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Эритрея: Саба Кидане

Саба КиданеСаба Кидане родилась в 1978 году в Асмаре, Эритрея. Журналистка, поэтесса, политическая активистка, бывшая солдатка. Бросила школу и присоединилась к Фронту освобождения народа Эритреи в 13 лет. Вернулась в школу в 1995 году.
Работала директором молодежного радио в Эритрее. Мать-одиночка.
В 2001 году был скандал, связанный с тем, что ей отказали в визе США как незамужней молодой женщине.
Саба Кидане пишет стихи на языке тигринья. Несколько переводов на английский под катом.

War and a Woman
War and a woman I sing.
A country
needs a woman
to find peace.
Only a woman
can sacrifice enough
to overcome fear,
win the fight
and still keep peace in sight.
Ready for anything,
she sacrifices herself
and gives birth,
rocking and soothing
like a lion
licking her cubs.
They grow with her love
but peace
demands more,
calling her back
to the trenches.
Guarding her children,
she still can’t refuse
such passion
or even think
of being tired,
parched, starved,
hurt or dead.
Instead
she takes a breath
and catches fire,
her breasts bouncing
as she races
to join her fighters,
marching and marching,
only she marches
for peace.


“Your Father”
Propped on the sidewalk
with a few coins near her legs
and a child wrapped in the folds
of her scarf worn to shreds,
she holds out her hand in the cold.
The modest bend of her head
says she doesn’t want to beg
but she must to feed her son.
Left on her own when he was born,
she cried and cursed her fate.
Where to go? What to do?
She had no other choice – the street –
but he went with her, too,
and now she sees he has grown.
“Let me show you,” he says,
putting out his hand to play.
At first it makes her laugh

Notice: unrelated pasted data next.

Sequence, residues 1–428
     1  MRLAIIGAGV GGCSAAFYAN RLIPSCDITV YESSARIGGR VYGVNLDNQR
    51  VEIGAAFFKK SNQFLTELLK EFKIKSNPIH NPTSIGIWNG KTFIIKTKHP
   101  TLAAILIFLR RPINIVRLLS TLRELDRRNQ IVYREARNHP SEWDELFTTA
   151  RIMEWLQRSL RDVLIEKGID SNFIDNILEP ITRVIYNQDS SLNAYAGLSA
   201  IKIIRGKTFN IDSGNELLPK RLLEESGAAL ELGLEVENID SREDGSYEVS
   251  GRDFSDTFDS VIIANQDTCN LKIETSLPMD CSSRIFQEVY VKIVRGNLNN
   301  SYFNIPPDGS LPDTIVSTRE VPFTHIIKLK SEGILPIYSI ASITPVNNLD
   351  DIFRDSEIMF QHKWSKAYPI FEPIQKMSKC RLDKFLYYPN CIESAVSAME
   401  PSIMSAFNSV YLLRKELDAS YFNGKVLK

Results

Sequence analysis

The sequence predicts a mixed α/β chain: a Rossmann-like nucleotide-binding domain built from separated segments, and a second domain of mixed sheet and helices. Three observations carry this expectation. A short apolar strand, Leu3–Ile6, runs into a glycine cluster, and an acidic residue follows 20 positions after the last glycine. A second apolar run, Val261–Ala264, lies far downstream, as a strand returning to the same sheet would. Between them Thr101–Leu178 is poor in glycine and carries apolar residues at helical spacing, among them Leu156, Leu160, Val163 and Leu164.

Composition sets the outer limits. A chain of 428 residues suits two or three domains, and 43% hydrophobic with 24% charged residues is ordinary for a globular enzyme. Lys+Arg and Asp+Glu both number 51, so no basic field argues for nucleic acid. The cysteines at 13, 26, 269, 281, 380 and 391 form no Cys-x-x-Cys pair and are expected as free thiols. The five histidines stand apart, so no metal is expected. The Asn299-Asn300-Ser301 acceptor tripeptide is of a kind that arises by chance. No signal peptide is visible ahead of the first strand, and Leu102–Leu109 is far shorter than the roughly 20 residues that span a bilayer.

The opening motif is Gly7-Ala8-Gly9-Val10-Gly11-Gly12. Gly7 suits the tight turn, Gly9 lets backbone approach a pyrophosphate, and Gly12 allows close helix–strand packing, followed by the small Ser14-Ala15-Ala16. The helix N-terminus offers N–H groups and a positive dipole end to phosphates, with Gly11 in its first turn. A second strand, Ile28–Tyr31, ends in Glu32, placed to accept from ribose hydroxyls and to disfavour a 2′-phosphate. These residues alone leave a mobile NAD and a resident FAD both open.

to see him imitate
her begging in his own way.
She’s not totally hopeless
and can accept who she is
as long as she has him.
But then it hits her: what if
he has to beg for the rest of his life?
“Let’s play peek-a-boo or…”
she says quickly and afraid,
trying to make him forget,
playing this one over again.
He goes along with what she has said,
but one day he starts crying.
She says, “Let me kiss where it hurts,”
hoping to soothe the pain,
but then he kisses her,
and asks, “Who hurt us?
Who should I hit?”
and demanding the name.
“Your father.” She lets it slip.
Realizing what she has done,
she keeps quiet,
thinking she can still save her son.

Go Crazy Over Me
Come here.
I want to pray for you.
Go crazy over me.
Don’t act like you don’t care.
Take off those clothes.
What do you have to lose?
I’m a free soul,
Never afraid to laugh.
Compassion lets me play
A slave or a king,
Happy to give away
All that’s given to me.
What do you say?
Go crazy. It’s ok.
Love is the only thing to do
And I know the way.
I don’t want to complain
That water is too thin
And my shadow has run away,
Leaving me with lies,
Alone, bitter, vain
And going crazy too,
Since you’re not crazy about me.
But don’t worry.
My prayer is not really true.
If you really went crazy
I wouldn’t know what to do.
Translated from Tigrinya by Charles Cantalupo with Ghirmai Negash
Tags: 20 век, 21 век, reading the world, Африка, английский язык, война, журналистка, мать-одиночка, поэзия
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